• The Soviets turned the athletic competition into a metaphor for political propaganda.

“Every record won by our sportsmen, every victory in international contests, graphically demonstrates to the whole world the advantages and strength of the Soviet system.”

Sports[edit]

Finnish postage stamp featuring the Helsinki Olympic Stadium

The 1952 Summer Olympics featured 17 different sports encompassing 23 disciplines, and medals were awarded in 149 events. In the list below, the number of events in each discipline is noted in parentheses.

Demonstration sports[edit]

Venues[edit]

With an annual average temperature of 5.9 °C, Helsinki is one of the coldest cities to have hosted the Summer Olympics.[9]

Participating NOCs[edit]

Participating nations. Pictured in blue are nations participating for the first time. Yellow dot: Helsinki
Number of athletes per country

A total of 69 nations participated in these Games, up from 59 in the 1948 Games. Thirteen nations made their first Olympic appearance in 1952: The Bahamas, the People's Republic of China, Gold Coast (now Ghana), Guatemala, Hong Kong, Indonesia, Israel, Netherlands Antilles, Nigeria, Soviet Union (USSR), Thailand, and Vietnam.

Japan and Germany were both reinstated and permitted to send athletes after being banned for 1948 for their instigation of World War II. Due to the division of Germany, German athletes from Saar entered a separate team for the only time. Only West Germany would provide athletes for the actual Germany team, since East Germany refused to participate in a joint German team.

Participating National Olympic Committees

Medal count[edit]

These are the top ten nations that won medals at the 1952 Games.[10]

RankNationGoldSilverBronzeTotal
1 United States40191776
2 Soviet Union22301971
3 Hungary16101642
4 Sweden12131035
5 Italy89421
6 Czechoslovakia73313
7 France66618
8 Finland*631322
9 Australia62311
10 Norway3205
Totals (10 nations)1269791314

50th anniversary coin[edit]

The 50th anniversary of the Helsinki Olympic Games was the main motif for one of the first Finnish euro silver commemorative coins, the €10 silver coin minted in 2002. The reverse depicts part of the Helsinki Olympic Stadium, as well as a section of the 1952 500 markka coin. The obverse has lettering SUOMI FINLAND 10 EURO, a flame, and Finland is the only country highlighted on earth.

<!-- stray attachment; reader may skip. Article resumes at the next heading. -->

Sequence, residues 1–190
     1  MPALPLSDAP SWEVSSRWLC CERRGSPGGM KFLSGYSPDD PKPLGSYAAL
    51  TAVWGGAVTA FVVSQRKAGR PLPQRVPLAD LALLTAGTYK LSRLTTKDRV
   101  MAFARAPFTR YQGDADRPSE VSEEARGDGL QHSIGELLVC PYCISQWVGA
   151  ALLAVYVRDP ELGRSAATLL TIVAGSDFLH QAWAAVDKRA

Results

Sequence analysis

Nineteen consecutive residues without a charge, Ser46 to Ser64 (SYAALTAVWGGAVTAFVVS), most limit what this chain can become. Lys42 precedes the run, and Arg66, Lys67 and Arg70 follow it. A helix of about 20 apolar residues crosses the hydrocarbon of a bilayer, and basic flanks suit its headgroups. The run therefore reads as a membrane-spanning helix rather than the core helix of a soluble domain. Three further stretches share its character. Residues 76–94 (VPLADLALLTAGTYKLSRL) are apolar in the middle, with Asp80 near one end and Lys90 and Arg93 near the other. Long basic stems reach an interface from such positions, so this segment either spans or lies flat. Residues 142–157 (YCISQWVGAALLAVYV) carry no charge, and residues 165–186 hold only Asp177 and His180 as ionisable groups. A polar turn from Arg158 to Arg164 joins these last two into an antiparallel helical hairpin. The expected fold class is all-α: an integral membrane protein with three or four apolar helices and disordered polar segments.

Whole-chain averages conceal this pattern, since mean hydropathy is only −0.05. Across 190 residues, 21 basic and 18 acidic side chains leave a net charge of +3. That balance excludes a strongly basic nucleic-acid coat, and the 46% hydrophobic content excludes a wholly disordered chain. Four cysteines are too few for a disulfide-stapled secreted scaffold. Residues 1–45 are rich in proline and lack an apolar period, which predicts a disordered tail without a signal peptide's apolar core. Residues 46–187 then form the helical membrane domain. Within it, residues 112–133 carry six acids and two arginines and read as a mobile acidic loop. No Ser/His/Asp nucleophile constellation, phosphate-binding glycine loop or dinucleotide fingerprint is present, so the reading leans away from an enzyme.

See also[edit]

References[edit]

  1. ^ a b "Factsheet - Opening Ceremony of the Games of the Olympiad" (PDF) (Press release). International Olympic Committee. September 13, 2013. Archived (PDF) from the original on August 14, 2016. Retrieved December 22, 2018.
  2. ^ Bascomb, Neal (2005). The Perfect Mile: Three Athletes, One Goal, and Less Than Four Minutes to Achieve It. Mariner Books. ISBN 9780618562091.
  3. ^ "International Olympic Committee Vote History". September 9, 2013. Retrieved February 24, 2015.
  4. ^ "Past Olympic Host City Election Results". Games Bids. Retrieved September 16, 2015.
  5. ^ Mulvenney, Nick (August 7, 2008). "Chen Chengda, China's almost Olympian". Reuters. Retrieved September 16, 2015.
  6. ^ "On This Day: 1952: 20 July: Zatopek wins gold at Helsinki". BBC News. Retrieved September 16, 2015.
  7. ^ "USSR – Yugoslavia, the Story of Two Different Football Conceptions". russianfootballnews.com. Retrieved November 27, 2017.
  8. ^ 1952 Summer Olympics official report. p. 91. – accessed 1 August 2010.[dead link]
  9. ^ Marc Sollinger (February 6, 2014). "The 9 weirdest cities that have hosted the Olympics (and why!)". www.marketplace.org.
  10. ^ Byron, Lee; Cox, Amanda; Ericson, Matthew (August 4, 2008). "A Map of Olympic Medals". The New York Times. Retrieved February 24, 2015.

External links[edit]

Preceded by
London
Summer Olympic Games
Helsinki

XV Olympiad (1952)
Succeeded by
Melbourne/Stockholm